Recent debates about the values and virtues of the sciences have been marked by philosophical errors and misunderstandings among both the supporters and the critics of the value of science. Some authors, such as Wilson defending the ultimate value of science and Appleyard decrying the influence of scientific modes of thinking, both assume the positivistic stance to understanding science. Others, such as Dawkins, Maddox and Wolpert, come through as scientific realists, celebrating the power of science to reach beyond what can (...)
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  • Homer in the Laboratory: A Feyerabendian Experiment in Sociology of Science.Mark Erickson - 2018 - Social Epistemology 32 (2):128-141.
    For philosopher of science Paul Feyerabend, an outcome of the Plato-led victory of philosophers over poets is the ‘conquest of abundance’ where abstraction replaces the ‘richness of being’. This poignant motif is visible in the project of the social sciences, where theory describes classificatory schemas that can be imposed upon the social world to categorise and, subsequently, explain it. However, Homer’s writings provide a completely different frame of reference. By reimagining ourselves within this work we may be able to rethink (...)
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  • Connection or Competition: Identity and Personhood in Feminist Ethics.G. M. Jantzen - 1992 - Studies in Christian Ethics 5 (1):1-20.
  • Review Articles : The Romantic Sensibility in Anthropological Science and the Individual Voice in History.Nigel Rapport - 1998 - History of the Human Sciences 11 (1):139-145.
  • The Usefulness of Fallibilism in Post-Positivist Philosophy: A Popperian Critique of Critical Realism.Justin Cruickshank - 2007 - Philosophy of the Social Sciences 37 (3):263-288.
    Sayer argues that Popper defended a logicist philosophy of science. The problem with such logicism is that it creates what is termed here as a `truncated foundationalism', which restricts epistemic certainty to the logical form of scientific theories whilst having nothing to say about their substantive contents. Against this it is argued that critical realism, which Sayer advocates, produces a linguistic version of truncated foundationalism and that Popper's problem-solving philosophy, with its emphasis on developing knowledge through criticism, eschews all forms (...)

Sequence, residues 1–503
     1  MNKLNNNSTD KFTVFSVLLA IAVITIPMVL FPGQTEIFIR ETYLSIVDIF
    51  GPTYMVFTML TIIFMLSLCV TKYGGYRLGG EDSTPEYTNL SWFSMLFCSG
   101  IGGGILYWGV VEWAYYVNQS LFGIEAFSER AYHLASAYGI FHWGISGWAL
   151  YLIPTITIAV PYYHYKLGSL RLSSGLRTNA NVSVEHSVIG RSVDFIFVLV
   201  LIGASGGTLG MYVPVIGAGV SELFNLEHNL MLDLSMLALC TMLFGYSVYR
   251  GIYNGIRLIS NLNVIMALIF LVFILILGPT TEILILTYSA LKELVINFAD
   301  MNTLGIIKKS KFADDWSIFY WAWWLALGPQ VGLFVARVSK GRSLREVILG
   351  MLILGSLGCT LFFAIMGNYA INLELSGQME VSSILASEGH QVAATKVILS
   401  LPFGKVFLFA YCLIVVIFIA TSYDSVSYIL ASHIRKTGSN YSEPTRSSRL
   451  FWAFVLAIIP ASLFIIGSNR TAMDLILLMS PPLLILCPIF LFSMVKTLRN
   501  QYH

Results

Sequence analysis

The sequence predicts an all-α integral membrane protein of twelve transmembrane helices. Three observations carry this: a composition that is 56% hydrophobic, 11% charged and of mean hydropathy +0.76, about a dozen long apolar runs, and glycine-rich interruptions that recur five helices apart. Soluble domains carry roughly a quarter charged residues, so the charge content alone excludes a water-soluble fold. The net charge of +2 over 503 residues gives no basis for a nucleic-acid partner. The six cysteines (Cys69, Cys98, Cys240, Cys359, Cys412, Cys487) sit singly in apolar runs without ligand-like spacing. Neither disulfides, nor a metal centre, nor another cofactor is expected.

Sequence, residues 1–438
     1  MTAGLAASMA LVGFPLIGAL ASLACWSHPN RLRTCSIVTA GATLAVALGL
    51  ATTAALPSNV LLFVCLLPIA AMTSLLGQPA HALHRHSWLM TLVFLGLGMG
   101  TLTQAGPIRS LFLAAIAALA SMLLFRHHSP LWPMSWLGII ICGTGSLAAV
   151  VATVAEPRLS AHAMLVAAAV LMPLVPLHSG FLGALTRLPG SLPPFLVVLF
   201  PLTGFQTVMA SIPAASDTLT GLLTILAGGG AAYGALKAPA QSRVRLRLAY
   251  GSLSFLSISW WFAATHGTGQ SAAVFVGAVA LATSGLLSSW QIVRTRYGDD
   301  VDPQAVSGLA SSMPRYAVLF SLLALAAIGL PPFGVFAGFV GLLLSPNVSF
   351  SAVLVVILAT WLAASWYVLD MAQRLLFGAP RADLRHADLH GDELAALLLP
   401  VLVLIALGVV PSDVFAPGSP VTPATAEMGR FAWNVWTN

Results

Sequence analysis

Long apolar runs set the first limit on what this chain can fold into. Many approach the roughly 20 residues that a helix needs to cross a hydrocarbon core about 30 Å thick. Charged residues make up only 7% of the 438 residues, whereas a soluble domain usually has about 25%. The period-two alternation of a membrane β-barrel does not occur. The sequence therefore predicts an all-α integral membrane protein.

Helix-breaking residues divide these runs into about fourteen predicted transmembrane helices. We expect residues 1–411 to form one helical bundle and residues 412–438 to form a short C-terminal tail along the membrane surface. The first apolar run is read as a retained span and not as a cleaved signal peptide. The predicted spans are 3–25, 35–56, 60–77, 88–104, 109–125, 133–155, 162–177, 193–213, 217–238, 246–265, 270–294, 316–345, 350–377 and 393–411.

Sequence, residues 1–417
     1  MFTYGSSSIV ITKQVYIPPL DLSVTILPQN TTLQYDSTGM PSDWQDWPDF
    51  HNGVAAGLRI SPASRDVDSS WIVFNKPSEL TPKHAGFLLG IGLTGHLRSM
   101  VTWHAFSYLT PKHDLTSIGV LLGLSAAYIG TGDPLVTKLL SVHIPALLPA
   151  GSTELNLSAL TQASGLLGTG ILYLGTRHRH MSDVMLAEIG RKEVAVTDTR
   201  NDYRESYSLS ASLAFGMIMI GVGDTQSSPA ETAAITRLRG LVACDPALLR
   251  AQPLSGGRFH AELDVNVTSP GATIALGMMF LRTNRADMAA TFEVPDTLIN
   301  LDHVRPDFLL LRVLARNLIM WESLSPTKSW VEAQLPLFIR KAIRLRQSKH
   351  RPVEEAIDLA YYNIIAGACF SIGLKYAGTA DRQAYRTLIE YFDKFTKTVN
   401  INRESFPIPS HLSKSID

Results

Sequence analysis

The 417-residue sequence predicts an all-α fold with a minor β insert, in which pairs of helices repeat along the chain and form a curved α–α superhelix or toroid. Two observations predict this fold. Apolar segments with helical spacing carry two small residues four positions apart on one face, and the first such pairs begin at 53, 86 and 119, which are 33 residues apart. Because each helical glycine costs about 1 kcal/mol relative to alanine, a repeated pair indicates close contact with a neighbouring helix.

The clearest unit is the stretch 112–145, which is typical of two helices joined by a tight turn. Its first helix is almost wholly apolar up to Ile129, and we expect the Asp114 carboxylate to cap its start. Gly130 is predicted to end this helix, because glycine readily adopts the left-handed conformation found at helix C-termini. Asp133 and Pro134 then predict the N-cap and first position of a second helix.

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  • On Post-Philosophical Sociology.Philip Walsh - 2015 - Philosophy of the Social Sciences 45 (4-5):508-514.
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  • Can Philosophy Be a Rigorous Science?Herman Philipse - 2009 - Royal Institute of Philosophy Supplement 65:155-.
    It is difficult to imagine that a Royal Institute of Physics would organize an annual lecture series on the theme ‘conceptions of physics’. Similarly, it is quite improbable that a Royal Institute of Astronomy would even contemplate inviting speakers for a lecture series called ‘conceptions of astronomy’. What, then, is so special about philosophy that the theme of this lecture series does not appear to be altogether outlandish? Is it, perhaps, that philosophy is the reflective discipline par excellence , so (...)
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  • La Crítica de Paul Karl Feyerabend Al Modelo Neo-Positivista Del Significado.María Teresa Gargiulo de Vázquez - 2014 - Arbor 190 (769):a168.
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  • Toward an Evolutionary View of Socio-Economic Systems.Mika Pantzar - 1992 - World Futures 34 (1):83-103.